Posted by: bipolarmystic | January 8, 2013

Book Review – Brain on Fire

Brain on Fire is not a book about bipolar.  Or at least, it it not directly about bipolar disorder.  The book is actually about many things, but the main story line follows a young woman’s descent into what at first appears to be severe mental illness.  The woman’s name is Susannah Cahalan and she raises questions in her memoir that will likely resonate with anyone who is mentally ill.  Susannah actually suffer(ed) from a rare type of encephalitis or inflammation of brain tissues due to an immune reaction.  This syndrome is called Anti-NMDA (N-methyl D-aspartate) receptor encephalitis and like many immune conditions, the cause is unknown.  Many young women appear to fall ill in conjunction with an ovarian teratoma or tumor of the ovary.  In other populations such as children, the cause is not known.  According to the book, thousands of patients have been diagnosed with this particular syndrome and related syndromes are being discovered.  Scientists believe that these syndromes are responsible for some cases of autism, schizophrenia and bipolar disorder.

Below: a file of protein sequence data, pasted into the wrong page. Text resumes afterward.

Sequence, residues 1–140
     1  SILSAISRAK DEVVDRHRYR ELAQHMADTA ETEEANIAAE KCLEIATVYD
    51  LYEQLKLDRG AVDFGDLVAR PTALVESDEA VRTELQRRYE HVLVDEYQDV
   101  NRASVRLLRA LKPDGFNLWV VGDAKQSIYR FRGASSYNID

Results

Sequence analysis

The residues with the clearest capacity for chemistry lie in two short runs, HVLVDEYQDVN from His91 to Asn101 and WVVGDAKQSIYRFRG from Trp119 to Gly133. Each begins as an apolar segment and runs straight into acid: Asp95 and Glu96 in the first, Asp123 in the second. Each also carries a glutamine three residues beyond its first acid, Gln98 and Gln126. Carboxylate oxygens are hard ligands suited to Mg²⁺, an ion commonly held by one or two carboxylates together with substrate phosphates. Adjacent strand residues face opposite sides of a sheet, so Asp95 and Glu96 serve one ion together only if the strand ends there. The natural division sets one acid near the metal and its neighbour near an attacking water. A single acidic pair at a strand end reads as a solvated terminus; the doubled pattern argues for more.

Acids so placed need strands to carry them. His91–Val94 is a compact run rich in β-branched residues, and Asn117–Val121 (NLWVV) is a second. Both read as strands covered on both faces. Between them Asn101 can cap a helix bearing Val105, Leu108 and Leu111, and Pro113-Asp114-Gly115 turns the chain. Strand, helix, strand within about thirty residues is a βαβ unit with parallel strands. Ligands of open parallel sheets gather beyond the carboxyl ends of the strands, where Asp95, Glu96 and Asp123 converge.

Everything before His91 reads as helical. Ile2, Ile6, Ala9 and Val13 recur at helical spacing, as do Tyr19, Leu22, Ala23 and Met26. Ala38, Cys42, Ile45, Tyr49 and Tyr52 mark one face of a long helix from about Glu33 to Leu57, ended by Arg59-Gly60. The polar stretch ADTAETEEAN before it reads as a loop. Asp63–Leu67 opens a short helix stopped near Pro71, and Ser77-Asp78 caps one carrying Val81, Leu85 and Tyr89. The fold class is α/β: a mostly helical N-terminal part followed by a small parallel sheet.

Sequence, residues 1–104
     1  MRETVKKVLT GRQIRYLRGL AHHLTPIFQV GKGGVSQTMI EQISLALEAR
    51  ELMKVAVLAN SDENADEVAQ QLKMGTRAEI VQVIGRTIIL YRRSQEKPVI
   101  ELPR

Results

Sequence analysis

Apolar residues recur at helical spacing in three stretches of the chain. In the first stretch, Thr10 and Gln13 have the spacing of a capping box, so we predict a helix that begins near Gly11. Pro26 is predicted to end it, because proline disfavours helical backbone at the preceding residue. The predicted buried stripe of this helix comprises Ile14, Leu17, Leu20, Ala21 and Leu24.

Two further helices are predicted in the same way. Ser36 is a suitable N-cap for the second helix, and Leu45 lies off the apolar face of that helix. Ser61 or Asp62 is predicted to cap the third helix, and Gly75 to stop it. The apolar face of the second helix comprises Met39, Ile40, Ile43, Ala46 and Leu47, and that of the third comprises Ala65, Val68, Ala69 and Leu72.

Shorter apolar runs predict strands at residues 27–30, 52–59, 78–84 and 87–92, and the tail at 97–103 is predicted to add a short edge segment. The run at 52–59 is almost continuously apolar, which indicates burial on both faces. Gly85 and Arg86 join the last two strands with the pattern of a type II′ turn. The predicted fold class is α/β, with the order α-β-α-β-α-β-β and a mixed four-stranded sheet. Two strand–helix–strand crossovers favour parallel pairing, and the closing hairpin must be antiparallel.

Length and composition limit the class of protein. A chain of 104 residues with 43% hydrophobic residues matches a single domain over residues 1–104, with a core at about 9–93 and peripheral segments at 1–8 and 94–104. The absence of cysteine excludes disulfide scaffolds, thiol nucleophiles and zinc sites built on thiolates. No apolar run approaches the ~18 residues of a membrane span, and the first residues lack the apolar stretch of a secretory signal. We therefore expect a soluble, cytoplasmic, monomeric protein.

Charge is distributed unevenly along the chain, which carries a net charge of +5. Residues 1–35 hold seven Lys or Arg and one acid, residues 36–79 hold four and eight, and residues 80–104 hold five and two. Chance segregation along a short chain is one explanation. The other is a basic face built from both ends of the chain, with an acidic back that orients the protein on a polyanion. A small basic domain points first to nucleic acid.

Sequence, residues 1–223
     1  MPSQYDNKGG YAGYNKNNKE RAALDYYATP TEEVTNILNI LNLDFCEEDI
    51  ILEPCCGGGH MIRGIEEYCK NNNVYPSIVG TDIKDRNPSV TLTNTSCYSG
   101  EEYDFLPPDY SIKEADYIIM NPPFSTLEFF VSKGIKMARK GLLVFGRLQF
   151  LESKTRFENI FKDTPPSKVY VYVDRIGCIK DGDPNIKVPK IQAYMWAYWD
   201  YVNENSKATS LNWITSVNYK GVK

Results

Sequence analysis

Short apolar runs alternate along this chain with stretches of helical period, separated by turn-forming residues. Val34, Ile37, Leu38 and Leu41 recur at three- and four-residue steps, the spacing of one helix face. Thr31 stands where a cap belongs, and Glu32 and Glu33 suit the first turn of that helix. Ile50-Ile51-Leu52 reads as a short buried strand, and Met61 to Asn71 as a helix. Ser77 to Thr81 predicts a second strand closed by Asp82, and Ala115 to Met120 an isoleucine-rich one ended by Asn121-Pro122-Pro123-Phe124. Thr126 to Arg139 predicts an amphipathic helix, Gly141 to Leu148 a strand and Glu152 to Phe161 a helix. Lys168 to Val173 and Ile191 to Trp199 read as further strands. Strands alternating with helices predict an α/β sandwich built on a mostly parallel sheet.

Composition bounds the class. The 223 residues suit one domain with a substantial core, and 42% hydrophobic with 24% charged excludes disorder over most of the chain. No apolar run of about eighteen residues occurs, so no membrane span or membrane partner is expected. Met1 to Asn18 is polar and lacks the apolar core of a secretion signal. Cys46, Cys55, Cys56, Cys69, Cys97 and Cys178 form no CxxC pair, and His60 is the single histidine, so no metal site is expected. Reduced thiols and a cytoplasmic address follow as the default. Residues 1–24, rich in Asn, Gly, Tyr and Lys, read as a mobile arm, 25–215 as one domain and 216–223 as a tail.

In the course of Susannah’s memoir she describes the course of her illness beginning with wild mood swings vacillating between crying jags and euphoria.  She is initially diagnosed as bipolar.  What comes next is nothing less than harrowing.  Cahalan descends into paranoia so severe she is next suspected of being schizophrenic.  The final stage of the illness is catatonia and in some cases, death.  By the time Susannah was admitted to NYU she was already slipping into catatonia and showed significant cognitive impairment.  Cahalan’s illness progressed quickly, in a matter of eight weeks or so by my timing.  However other patients are known to present differently, especially children.  Syndromes such as Anti-NMDA Encephalitis may explain some treatment resistant forms of mental illnesses.  It can be detected by testing the spinal fluid of the patient for white blood cells.  An elevated count indicates inflammation of brain tissues.

Treatment involves cycling the blood out of the body and replacing the harmful immune laden plasma (white blood cells).  Steroids are typically used to depress the immune system and a treatment called IVIG  is sometimes used.  IVIG is an infusion of plasma from over one thousand donors.  All in all, Susannah Cahalan’s one month stay at NYU and her treatments cost around one million dollars.  Susannah got lucky: she had very good insurance and support systems in place.  Individuals labeled with a mental illness are still quite marginalized and often find themselves with a weak support system and few financial resources.  The doctors working to discover these syndromes point out that testing the spinal fluid of all mentally ill patients is cost preventative.  How many are suffering needlessly?